At the opening of the Hong Kong International Arts and Antiques Fair in 2008, Kwan Sheung Chi took to the stage to receive the Grand Prize of the Hong Kong Arts Centre 30th Anniversary Award, not for himself—he was regarded largely as an active non-participant in these more institutional corners of the art world at that time—but on behalf his friend Chow Chun Fai, the painter, who was then working abroad. Awkwardly filming his reception of the prize with a handheld digital camera, Kwan turned the event into a short video, less than two minutes long, documenting his walk to the stage, the announcement of Chow’s prize, and his turn to face a group of photographers and applauding bystanders. It was entitled “For All the Artists who Want a Prize.” The suggestion was that Kwan didn’t really want a prize, or perhaps he wanted one about as much as he wanted a retrospective (which he organized for himself as an undergraduate art student). Five years later, he has won a rather considerable prize, the Hugo Boss Asia Art award, and in a category he most certainly would never have expected: he is now an “emerging Chinese artist.” Accompanying his nomination to the prize, Kwan is also served with a spot in the Rockbund Art Museum group exhibition celebrating a few key moments in his young career. Not, perhaps, a retrospective as grandiose as the exhibition he organized as “the King of Hong Kong New Artists” in 2002, but enough for him to chuckle over nonetheless. When one Shanghai blog declared that “Kwan Sheung Chi has almost no chance of winning the cash,” the artist immediately posted the quote on Facebook with no small amount of glee.
More so than whatever a prize like this might mean to the artist, however, is the question of what his success in Shanghai indicates about the Chinese art world at the moment—and, by transference, what role Hong Kong is playing in relation to this system. Whereas artists working in Hong Kong were once fond of saying that their work was intentionally small in scale and craft in nature in order to either subvert or differentiate itself from the massive and manufactured stereotype of work produced in Beijing, and that their interest in the prosaic everyday functioned as a counterpoint to the focus on society, politics, urbanism, and collective memory evident on the mainland, the tables have turned. Collective memory has overtaken personal experience in Hong Kong’s art schools, and social practice, which has always been a pedagogical force, has displaced a good deal of the former interest in craft and materiality, dovetailing with an incrementally shifting lens on emerging art from mainland China.
This transition was also evident in the May 2013 issue of the Beijing-published magazine LEAP, which placed a heavy editorial focus on Hong Kong to coincide with the debut of Art Basel in Hong Kong. (Pursuant to this discussion, it should be noted that this thematic focus puts the city on a categorical plane shared with performance art, science fiction, and the Mayan apocalypse.) That issue, “Hong Kong, Mon Amour,” purported to take on the hard-hitting age-old question: “Is today’s Hong Kong still a cultural desert?” Although a range of perspectives were included (including, in the interests of disclosure, my own), the editorial emphasis was firmly on activist artistic practice, party politics, and the relationship between art, the state, and the people. In a beguiling historical accident, the not-as-free-as-it-thinks market of Hong Kong has come to provide public housing, subsidized medical care, grants for artistic production, and a public museum culture on a level long forgotten within the annals of “socialism with Chinese characteristics.” Like the “curated” section of an art fair, Hong Kong has come to represent the potential political consciousness of art attached to the broader market for Chinese culture even as the Hong Kong art scene itself remains far more mercantilist in outlook in comparison with the more reflective exhibition culture in Beijing and Shanghai—although this is a question for another time and place.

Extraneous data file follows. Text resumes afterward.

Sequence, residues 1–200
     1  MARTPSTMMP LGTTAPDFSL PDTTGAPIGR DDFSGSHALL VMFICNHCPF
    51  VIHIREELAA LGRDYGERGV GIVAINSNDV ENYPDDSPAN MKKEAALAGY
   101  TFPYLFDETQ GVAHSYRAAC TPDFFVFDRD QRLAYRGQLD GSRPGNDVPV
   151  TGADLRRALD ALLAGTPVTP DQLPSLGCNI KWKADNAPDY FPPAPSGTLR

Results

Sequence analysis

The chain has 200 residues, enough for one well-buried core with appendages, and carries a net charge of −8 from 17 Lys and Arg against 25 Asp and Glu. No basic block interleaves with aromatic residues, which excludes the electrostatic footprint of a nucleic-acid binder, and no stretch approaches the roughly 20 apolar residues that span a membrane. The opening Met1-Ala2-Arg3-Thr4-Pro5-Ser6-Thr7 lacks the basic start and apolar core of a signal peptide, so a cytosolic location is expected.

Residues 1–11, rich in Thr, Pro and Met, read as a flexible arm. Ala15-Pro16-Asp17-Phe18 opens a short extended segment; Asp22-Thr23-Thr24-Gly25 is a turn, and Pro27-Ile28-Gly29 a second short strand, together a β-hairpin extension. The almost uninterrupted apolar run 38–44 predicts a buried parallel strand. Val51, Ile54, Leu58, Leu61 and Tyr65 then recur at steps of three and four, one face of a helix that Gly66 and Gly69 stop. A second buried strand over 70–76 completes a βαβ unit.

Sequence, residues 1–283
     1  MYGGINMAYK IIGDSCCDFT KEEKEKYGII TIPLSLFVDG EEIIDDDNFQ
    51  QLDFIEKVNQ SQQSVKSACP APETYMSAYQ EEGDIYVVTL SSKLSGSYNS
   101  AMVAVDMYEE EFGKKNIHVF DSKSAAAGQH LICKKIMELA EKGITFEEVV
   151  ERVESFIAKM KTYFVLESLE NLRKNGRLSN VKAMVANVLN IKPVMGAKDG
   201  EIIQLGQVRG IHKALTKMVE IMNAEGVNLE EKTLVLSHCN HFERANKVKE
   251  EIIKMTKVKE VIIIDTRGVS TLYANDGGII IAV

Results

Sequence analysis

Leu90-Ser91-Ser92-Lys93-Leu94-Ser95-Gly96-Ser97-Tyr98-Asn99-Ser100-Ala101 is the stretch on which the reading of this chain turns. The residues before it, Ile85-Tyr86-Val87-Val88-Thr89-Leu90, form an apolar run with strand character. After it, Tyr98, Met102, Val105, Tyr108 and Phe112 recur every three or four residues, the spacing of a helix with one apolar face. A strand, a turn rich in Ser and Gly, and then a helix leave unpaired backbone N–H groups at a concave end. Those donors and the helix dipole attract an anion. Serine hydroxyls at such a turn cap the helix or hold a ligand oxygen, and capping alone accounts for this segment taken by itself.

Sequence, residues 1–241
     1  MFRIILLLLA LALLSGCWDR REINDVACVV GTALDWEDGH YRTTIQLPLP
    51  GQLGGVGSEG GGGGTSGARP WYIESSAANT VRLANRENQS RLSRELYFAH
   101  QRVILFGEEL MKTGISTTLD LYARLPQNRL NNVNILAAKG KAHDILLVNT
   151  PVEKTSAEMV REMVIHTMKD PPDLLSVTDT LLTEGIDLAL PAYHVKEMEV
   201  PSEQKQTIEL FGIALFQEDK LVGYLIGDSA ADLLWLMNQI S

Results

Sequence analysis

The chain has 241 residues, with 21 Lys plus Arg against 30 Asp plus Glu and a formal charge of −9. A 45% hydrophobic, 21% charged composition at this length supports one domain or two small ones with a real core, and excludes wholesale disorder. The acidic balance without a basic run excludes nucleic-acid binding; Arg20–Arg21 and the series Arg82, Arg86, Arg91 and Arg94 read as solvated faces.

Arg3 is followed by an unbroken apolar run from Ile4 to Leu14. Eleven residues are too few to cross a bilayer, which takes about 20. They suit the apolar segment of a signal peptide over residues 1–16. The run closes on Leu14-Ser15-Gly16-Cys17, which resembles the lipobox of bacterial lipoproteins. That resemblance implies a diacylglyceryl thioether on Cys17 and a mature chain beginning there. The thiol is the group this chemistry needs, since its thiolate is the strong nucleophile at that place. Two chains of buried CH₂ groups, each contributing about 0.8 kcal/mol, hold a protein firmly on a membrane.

Kwan Sheung Chi is attractive as an “emerging Chinese artist” for a number of reasons, chief among them the fact that a practice like his could never exist in China. Even the Rockbund exhibition, which includes the flaccid provocation of “Untitled (White)” (2013), a stack of paper cut to the dimensions of 89 x 64 cm in reference to the end date of the 1989 protests in China, a whole set of works were blocked from making the trip, in light of which it is almost a surprise that Kwan agreed to take part at all. One of the pieces in the exhibition, “Doing It with Chi…Making an Exit Bag” (2009), is a short video in which the artist, standing in his kitchen studio, teaches the viewer how to make a simple device for peaceful, unassisted suicide. In another work from the same series, “Doing It with Mrs. Kwan…Making Pepper Spray” (2012), Kwan’s wife and frequent collaborator, the artist Wong Wai Yin, provides similar instructions for a more aggressive weapon—or, depending on cultural context, an important option for self-defence.